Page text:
For the first time we cross the ocean to speak about Trad Irish Music; in America there is a very active and energetic scene and we would like to introduce it to our readers.
We ask Rose Baldino, the band-leader of Burning Bridget Cleary to help us in doing this.
1. Rose, you are the singer and leader of the group “Burning Bridget Cleary”: would you like to introduce it to the Italian audience? And a curiosity about your band’s name: what is behind this choice?
Back in 2006 my Dad came across an incredible online article about a woman named Bridget Cleary. She is remembered as “the last witch burned in Ireland,” and the story is pretty amazing. Bridget Cleary was a woman living in Co. Tipperary, Ireland in 1895. She was murdered by her husband, Michael Cleary and “her death is notable for one distinct peculiarity: the stated motive for the crime was her husband’s belief that she had been abducted by fairies with a changeling left in her place; he claimed to have slain only the changeling. Michael Cleary denied having murdered his wife, admitting only to having done away with her changeling. His so-called “fairy defense” did not hold up in court and he was found guilty of manslaughter and sentenced to 15 years in prison- after which he sailed for Montreal. His cohorts, including some of Bridget’s own relatives, were convicted of wounding Bridget and served lesser sentences.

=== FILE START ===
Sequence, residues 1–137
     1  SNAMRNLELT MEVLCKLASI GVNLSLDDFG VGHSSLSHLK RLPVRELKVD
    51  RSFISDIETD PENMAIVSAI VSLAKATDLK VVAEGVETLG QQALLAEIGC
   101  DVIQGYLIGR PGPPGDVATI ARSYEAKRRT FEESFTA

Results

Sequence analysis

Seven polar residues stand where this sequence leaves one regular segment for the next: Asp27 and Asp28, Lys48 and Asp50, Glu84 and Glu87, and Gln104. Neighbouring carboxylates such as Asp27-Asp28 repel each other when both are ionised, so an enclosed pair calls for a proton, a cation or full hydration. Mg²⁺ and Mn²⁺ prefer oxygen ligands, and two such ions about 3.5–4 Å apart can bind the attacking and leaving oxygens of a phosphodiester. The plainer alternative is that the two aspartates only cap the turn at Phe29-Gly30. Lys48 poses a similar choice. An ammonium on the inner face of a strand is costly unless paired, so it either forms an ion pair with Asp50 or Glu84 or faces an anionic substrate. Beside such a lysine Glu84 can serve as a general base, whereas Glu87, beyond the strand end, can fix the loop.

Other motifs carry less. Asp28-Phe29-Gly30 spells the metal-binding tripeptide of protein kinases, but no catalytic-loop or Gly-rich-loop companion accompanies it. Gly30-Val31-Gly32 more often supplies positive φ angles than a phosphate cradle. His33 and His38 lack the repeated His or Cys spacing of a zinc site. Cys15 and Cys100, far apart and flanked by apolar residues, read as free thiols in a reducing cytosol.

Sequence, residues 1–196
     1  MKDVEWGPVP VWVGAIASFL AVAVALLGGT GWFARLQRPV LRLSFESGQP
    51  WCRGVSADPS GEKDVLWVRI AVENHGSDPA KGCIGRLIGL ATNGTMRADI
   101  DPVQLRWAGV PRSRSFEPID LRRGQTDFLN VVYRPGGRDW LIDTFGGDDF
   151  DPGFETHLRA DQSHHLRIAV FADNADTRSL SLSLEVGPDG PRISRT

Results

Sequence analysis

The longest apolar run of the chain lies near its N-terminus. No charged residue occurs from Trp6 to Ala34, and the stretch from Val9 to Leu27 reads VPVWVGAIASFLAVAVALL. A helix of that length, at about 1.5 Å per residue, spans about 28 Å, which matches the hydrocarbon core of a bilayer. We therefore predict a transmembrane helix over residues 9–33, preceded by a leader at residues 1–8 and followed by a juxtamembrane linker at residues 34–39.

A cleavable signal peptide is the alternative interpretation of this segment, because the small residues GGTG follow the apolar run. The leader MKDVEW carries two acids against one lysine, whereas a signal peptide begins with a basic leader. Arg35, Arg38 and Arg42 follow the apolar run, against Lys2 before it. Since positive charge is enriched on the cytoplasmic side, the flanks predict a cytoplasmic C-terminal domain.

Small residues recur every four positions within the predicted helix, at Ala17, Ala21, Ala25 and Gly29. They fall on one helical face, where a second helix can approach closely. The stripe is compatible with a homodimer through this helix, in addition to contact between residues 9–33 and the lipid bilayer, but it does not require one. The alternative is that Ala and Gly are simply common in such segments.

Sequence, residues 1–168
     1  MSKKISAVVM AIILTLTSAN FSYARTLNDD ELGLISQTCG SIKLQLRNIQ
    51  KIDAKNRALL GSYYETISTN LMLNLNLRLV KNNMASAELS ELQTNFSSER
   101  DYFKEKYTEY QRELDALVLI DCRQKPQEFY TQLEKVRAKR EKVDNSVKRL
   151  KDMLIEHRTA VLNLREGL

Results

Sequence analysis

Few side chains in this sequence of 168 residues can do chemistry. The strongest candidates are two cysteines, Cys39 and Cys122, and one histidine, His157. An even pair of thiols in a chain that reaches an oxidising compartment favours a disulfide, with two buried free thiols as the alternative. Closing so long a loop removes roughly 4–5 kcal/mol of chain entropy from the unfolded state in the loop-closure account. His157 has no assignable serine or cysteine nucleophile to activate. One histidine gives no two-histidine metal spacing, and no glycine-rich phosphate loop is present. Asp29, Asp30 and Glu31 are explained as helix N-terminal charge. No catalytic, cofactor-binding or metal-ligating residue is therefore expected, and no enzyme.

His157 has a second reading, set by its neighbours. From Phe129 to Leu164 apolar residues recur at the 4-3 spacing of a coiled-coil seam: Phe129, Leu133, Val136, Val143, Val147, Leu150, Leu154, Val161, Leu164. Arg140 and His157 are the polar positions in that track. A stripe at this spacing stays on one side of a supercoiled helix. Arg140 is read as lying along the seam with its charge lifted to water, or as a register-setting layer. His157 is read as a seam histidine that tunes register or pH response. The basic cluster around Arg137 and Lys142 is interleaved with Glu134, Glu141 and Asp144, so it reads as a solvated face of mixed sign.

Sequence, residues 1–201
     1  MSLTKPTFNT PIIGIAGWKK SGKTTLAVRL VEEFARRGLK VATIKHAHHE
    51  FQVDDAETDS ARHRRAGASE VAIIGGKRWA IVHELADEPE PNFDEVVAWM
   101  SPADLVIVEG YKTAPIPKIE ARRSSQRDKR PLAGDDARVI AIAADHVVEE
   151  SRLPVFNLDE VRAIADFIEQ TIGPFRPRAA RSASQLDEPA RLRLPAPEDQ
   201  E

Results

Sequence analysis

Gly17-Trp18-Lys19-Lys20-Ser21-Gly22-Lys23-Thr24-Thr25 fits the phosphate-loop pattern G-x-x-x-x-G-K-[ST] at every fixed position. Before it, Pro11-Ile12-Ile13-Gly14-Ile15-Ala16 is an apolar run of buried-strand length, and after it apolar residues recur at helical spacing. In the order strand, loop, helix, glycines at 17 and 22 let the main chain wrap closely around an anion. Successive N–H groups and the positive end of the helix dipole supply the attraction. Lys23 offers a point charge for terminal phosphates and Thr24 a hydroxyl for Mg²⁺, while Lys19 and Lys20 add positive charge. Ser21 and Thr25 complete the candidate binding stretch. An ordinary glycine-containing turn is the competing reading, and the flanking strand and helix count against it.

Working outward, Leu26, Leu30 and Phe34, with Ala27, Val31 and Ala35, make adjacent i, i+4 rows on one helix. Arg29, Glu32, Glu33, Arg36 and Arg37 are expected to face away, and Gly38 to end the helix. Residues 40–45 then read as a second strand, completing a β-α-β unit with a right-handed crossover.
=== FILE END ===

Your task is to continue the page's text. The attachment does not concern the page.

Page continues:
As a result of this landmark case, a precedent was set in Irish law that a person could not be harmed or killed for suspicion of witchcraft, and a belief in witchcraft could not be used as an insanity defense in a murder trial” (Description courtesy of Spencer Shaak).
We chose the name because we were so intrigued with the Bridget Cleary story: it remains a part of Irish folklore to this day and we wanted to honor Bridget Cleary’s memory and make sure that her name would live on. Somehow, we felt a strong connection with her.
2. How did you come in contact with Irish music and culture; what is your connection, how did your interest for it start and how have been increased over the time?
I first started playing Irish music when I was 13. I started going to local Irish festivals, fell in love with the music, and then began taking lessons in the Irish fiddle style. People are often surprised to learn that my family is not Irish, although I recently found out that some of my ancestors WAY back first emigrated here from Scotland. It kind of started as a novelty. I enjoyed playing music other than classical, but the more I learned the tunes and became immersed in the musical culture, the more I fell in love with the whole Irish music scene. I’ve listened to so many different Irish artists over the last 11 years, and have seen and heard so many amazing musicians play; my love and appreciation for the music is stronger than ever.
3. We love to speak about Irish music, and we used to do it with Irish (or Italian) musicians; this is our first interview to American ones. Can you tell us something about the Irish music scene in Philadelphia and in the USA?